A man who claimed a Sumter restaurant served wine to an intoxicated customer has settled a wrongful death suit for $3 million, thanks in part to recent S.C. Supreme Court case law. Lawyers for plaintiff Paul Schmidt said the court's 2010 decision in a dram shop case helped Schmidt get the settlement despite a multi-million-dollar setoff resulting from an earlier, confidential settlement with the customer's employer. "We had a very high setoff that we would have had to overcome had we gone to trial - a high seven-figure setoff," said Mount Pleasant lawyer David Yarborough, a member of the plaintiff's legal team.Read More »
Two weeks after North Carolina giant Womble Carlyle announced its acquisition of a Charleston firm, the regional law firm of Smith Moore Leatherwood also has opened an office in the port city. The move expands the firm's footprint in the Southeast and positions it for growth in an area of economic vitality, Smith Moore Leatherwood chairman Rob Marcus told Lawyers Weekly. "Charleston is becoming a very vibrant business market," Marcus said. "We've been excited to see Charleston grow and we wanted to be part of that growth."Read More »
Of the 248 would-be attorneys who took the S.C. bar exam in February, 173 passed, according to the state Office of Bar Admissions. The names of the successful candidates for admission to the S.C. Bar went up on the state Supreme Court's website on April 24. If they have completed all other law license requirements, the candidates will be sworn in as full-fledged lawyers next month. But if you couldn't find your name on the list of the 173 folks who passed, you may want to look again.
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A jury has awarded a real estate development company more than $930,000 plus attorney's fees in a breach-of-contract action centering on an environmental cleanup in Richland County. Plaintiff Ginn-LA University Club Ltd. claimed defendant Amelia Capital III breached a contract for the sale of The University Club Golf Club, a 239-acre real estate development in Blythewood. The plaintiff claimed the contract required Amelia Capital to pay the cost of cleaning up hazardous waste on the property.Read More »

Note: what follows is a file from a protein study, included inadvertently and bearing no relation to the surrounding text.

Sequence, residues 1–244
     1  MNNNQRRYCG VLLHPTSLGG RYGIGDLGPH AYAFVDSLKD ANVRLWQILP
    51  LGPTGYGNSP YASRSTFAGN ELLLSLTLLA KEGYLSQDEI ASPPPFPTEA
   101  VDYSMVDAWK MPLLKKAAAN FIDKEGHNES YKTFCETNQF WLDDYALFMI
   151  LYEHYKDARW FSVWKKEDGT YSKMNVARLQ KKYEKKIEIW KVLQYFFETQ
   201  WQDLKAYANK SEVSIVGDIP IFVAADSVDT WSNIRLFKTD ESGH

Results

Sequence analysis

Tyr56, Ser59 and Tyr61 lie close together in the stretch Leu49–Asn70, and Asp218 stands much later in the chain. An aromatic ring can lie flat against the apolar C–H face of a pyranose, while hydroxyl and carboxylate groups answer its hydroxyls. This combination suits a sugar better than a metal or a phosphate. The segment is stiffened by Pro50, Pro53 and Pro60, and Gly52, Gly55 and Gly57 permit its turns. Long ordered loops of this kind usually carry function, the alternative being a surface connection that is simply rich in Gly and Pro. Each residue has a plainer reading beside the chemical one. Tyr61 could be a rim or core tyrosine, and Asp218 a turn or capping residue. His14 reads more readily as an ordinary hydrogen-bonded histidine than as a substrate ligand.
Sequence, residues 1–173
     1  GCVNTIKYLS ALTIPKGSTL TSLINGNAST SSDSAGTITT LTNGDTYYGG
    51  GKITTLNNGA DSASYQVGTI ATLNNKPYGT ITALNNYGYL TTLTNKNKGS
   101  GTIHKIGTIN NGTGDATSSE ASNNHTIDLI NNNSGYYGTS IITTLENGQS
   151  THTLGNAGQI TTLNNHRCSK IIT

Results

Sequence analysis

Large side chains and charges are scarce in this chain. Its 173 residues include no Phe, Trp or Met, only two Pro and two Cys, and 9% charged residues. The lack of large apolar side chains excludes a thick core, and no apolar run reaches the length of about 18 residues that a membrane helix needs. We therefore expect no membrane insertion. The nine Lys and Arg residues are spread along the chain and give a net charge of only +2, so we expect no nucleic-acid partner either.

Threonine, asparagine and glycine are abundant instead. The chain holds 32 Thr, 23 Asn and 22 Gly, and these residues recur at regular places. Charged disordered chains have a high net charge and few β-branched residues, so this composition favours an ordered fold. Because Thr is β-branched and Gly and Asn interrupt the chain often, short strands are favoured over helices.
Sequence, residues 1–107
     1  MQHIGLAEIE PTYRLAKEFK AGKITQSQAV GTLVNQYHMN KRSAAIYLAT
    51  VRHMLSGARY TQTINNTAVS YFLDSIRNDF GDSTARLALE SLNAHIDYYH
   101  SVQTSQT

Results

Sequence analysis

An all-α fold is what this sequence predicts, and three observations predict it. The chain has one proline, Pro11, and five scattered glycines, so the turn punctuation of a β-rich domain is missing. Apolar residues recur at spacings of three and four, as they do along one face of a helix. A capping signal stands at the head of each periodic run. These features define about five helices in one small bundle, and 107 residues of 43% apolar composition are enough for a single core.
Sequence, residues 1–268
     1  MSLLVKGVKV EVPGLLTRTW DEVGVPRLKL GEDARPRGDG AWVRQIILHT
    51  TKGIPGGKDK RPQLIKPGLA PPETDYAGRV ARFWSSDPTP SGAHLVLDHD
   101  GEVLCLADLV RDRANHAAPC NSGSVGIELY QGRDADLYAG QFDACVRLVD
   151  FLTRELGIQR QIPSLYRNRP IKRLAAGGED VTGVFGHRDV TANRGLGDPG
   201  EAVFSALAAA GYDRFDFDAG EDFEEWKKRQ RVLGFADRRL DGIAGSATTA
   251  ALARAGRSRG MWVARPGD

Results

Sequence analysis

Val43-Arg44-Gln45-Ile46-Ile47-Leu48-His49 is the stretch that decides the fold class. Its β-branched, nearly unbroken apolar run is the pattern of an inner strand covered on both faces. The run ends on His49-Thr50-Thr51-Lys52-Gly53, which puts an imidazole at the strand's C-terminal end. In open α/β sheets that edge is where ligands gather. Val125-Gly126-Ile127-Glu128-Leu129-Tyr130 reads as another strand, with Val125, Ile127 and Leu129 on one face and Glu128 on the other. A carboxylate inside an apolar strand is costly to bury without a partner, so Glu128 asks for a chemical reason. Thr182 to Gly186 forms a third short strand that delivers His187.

Growing up south of Broad in Charleston, Robert Wilcox never thought he'd be a lawyer. His dad was the editor of The Charleston Evening Post, and Wilcox worked summers at the paper, planning on a career in journalism. After he received his bachelor's degree from Duke University, he enrolled in law school at the University of South Carolina - still not thinking much of a law career. "A part of me thought I might be a legal reporter for the Charleston newspapers," he said. Instead, he fell in love with the practice of law and never looked back.Read More »
Two U.S. Supreme Court justices will be attending the S.C. Bar's annual convention next January in Columbia. Leigh Thomas, communications director for the Bar, told Lawyers Weekly that Justices Antonin Scalia and Stephen Breyer will attend the convention, which is set for Jan. 19-22, 2012. No specifics about their visit were immediately available. In an announcement emailed to members Tuesday, the Bar said it would announce details such as the justices' schedules as the justices' offices make them public.
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In March 2010, Nexsen Pruet managing member John A. Sowards was seriously worried that 2010 was going to be a "tough year" business-wise. He wasn't the only one. Managing partners at many of the state's largest firms, having watched the repercussions of 2008's economic meltdown resound throughout 2009, were at best cautiously optimistic that something good might happen during 2010. What a difference a year makes.
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Even as it celebrated 90 years of service to clients inside and outside the Palmetto State, one of South Carolina's largest law firms changed its name in what its executive chairman called a new era in its history. Greenville-based Wyche Burgess Freeman & Parham announced its reincarnation as Wyche P.A. at an April 12 anniversary party at the firm's offices next to downtown Greenville's Falls Park. Wyche lawyers and staff members, along with friends and families, applauded as Greenville Mayor Knox White proclaimed the date as Wyche P.A. Day.Read More »
A special needs teacher who injured her neck and back in 2002 when she was accidentally knocked into a chain-link fence and some tree roots can stack her work-related injury with personal ailments in order to determine the extent of her disability, the South Carolina Supreme Court has ruled.Read More »
The University of South Carolina School of Law has named Robert M. Wilcox as its new dean. Wilcox, a legal-ethics scholar and the associate dean for academic affairs at the school, will succeed Walter "Jack" Pratt, who will return to teaching, the school said in a press release. Wilcox's appointment becomes effective on July 1.
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